“Those natural products have enormous potential to act as medicines or serve other purposes if they can be discovered, studied, and understood,” Shen says. According to Song Meng, PhD, the primary author of the paper, constructing these compounds requires bacteria to function as chemists, developing sometimes novel mechanisms such as new catalytic enzymes.

“The study of natural products allows us to explore how nature uses simple building blocks to build up the most complex structures humanity has ever seen, which provides opportunities for enzyme discovery and potential impact throughout the entire field of organic chemistry,” Meng says.

The researchers in Shen’s group want to inspire future efforts in disciplines as diverse as microbiology, biotechnology, organic chemistry, and medicinal chemistry by studying how Nature creates natural products. Meng and Andrew Steele, PhD, study coauthors, remembered the moment they realized they’d made it.

“We had been working tirelessly to make unstable persulfides. They degrade into smelly hydrogen sulfide, so the first time that we smelled rotten eggs we knew that we had made a breakthrough,” Steele says.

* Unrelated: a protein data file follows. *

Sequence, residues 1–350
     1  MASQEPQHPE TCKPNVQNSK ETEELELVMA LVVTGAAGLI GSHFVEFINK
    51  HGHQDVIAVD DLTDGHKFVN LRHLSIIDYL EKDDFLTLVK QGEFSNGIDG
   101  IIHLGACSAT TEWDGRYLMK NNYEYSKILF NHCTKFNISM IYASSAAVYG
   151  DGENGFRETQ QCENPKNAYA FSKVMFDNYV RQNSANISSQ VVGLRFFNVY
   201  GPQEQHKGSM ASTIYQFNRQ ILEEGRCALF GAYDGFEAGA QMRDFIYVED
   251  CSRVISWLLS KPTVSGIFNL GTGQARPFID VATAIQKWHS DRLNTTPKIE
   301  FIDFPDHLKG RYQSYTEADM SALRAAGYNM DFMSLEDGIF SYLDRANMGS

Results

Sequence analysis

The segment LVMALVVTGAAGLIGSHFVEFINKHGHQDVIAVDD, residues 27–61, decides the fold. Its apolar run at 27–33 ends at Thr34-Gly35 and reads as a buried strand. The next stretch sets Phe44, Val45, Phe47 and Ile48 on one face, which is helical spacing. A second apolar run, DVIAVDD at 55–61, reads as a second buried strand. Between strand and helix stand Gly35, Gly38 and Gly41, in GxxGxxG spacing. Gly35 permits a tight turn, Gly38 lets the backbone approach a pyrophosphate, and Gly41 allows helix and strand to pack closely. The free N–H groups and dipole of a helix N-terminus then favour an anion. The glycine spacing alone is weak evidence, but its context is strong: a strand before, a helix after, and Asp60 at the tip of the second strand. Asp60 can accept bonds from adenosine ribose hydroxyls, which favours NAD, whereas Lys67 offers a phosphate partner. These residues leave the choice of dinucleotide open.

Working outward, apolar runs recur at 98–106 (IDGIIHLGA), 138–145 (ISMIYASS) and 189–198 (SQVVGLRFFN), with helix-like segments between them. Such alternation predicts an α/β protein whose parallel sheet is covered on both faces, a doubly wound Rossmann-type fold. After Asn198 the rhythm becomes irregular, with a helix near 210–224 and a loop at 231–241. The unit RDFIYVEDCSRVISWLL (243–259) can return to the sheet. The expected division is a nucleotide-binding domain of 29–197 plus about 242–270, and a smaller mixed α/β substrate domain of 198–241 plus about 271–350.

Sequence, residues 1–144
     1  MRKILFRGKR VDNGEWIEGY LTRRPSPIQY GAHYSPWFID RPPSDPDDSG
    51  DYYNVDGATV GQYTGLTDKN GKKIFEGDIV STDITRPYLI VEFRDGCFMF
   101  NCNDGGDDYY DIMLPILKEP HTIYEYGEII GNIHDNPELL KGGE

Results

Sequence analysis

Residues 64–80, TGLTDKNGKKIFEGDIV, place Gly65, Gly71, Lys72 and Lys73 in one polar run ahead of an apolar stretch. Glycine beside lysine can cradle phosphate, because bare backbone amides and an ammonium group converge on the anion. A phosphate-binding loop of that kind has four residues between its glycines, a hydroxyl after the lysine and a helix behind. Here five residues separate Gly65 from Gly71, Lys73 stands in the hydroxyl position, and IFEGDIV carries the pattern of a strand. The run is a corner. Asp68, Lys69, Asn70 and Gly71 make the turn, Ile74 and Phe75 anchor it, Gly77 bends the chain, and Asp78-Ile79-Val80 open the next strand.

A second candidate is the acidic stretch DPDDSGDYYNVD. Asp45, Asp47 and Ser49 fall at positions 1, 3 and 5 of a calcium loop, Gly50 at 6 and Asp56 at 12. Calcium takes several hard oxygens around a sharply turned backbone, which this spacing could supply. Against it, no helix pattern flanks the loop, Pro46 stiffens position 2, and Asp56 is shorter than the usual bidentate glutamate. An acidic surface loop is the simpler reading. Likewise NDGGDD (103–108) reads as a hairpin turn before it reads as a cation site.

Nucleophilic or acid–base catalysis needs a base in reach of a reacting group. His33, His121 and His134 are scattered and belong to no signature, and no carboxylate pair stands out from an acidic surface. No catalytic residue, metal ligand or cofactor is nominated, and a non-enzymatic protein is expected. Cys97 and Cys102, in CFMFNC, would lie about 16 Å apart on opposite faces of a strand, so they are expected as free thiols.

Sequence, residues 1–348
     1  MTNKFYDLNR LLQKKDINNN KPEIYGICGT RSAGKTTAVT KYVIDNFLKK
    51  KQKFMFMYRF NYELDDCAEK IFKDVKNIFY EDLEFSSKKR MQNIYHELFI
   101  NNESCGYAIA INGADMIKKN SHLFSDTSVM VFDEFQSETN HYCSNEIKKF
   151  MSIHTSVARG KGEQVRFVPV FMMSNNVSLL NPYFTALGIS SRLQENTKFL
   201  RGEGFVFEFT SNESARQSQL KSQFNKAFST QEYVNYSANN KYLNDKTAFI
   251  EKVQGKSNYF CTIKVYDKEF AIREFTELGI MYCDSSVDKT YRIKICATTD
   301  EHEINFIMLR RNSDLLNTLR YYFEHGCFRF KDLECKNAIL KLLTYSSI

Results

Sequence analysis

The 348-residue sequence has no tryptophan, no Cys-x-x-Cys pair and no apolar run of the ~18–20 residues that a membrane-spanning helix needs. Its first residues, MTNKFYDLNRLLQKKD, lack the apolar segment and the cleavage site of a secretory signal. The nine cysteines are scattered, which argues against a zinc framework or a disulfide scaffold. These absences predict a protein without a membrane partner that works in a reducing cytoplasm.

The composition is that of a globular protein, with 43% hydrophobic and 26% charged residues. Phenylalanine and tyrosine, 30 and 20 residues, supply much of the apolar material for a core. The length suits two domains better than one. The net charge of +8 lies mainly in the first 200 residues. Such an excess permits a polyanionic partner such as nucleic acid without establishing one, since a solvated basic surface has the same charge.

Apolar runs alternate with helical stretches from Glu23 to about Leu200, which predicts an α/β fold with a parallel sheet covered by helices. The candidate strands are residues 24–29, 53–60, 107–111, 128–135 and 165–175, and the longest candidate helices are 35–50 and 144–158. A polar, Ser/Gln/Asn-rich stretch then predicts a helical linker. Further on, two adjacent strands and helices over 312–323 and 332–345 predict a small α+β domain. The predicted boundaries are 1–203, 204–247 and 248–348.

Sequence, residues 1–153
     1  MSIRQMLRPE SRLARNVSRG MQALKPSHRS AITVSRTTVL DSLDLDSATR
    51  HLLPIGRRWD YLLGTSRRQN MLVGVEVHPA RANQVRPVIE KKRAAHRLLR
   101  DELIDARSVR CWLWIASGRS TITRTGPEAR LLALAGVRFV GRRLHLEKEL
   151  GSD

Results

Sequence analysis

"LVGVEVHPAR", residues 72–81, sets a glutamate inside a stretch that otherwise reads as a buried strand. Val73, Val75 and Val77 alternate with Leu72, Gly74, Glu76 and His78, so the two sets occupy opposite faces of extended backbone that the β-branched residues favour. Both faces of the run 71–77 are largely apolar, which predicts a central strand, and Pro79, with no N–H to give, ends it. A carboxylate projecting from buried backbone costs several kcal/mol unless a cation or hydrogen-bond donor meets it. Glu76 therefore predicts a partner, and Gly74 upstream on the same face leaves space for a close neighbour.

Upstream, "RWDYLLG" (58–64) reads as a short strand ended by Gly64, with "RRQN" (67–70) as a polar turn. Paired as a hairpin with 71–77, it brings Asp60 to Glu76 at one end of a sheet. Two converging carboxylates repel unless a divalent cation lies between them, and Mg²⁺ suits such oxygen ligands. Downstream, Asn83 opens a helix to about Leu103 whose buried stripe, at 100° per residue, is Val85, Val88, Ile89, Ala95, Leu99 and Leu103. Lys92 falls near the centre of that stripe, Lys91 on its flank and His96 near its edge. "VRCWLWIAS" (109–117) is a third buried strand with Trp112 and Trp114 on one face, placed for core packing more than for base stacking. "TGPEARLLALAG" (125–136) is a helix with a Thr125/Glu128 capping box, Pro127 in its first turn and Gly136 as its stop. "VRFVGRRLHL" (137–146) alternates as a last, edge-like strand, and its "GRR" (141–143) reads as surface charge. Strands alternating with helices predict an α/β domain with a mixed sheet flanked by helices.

Soon after, they identified the thiocysteine lyases, a previously unknown family of enzymes that nature employs to create persulfides, which are used as essential intermediates in the production of the whole leinamycin family of natural compounds. According to Edward Kalkreuter, PhD, a co-author on the study, “the natural goods collection has been the key to their success.”

“While traditionally only one biosynthetic pathway could be studied at a time, our strain collection now allows us to discover evolutionarily related families, thereby comparing and evaluating many similar pathways at once,” he adds.

They go on to say that the enzymes that enable persulfide production are expected to have a wide range of possible uses in the future.

“Persulfides have been found in numerous fundamental and disease-related biochemical systems, but the field of synthetic chemistry has only a few specialized methods at its disposal to generate them,” Steele says. “We found nature has provided us with a solution to tackle this problem.”

According to the researchers, the new finding expands the toolkit needed to build sulfur-containing compounds and paves the door for synthetic biologists to create whole new classes of molecules that will have an influence on chemistry, biology, and medicine.

“I tell my students if you want to discover something, find how nature does it, that can present a solution,” Shen says.

In addition to Shen, Meng, Steele and Kalkreuter, the other authors of the study, “Thiocysteine lyases as polyketide synthase domains installing hydropersulfide into natural products and a hydropersulfide methyltransferase,” include Wei Yan, Guohui Pan, Yu-Chen Liu and Zhengren Xu, all of Scripps Research in Jupiter, Florida.

Funding for the study was provided by the National Institutes of Health, (GM134954). A.D.S. and E.K. are supported in part by NIH Postdoctoral fellowships (GM133114 and GM134688). W.Y. is supported in part by the Nanjing Agricultural University, Nanjing, China, and a scholarship from the Chinese Scholarship Council.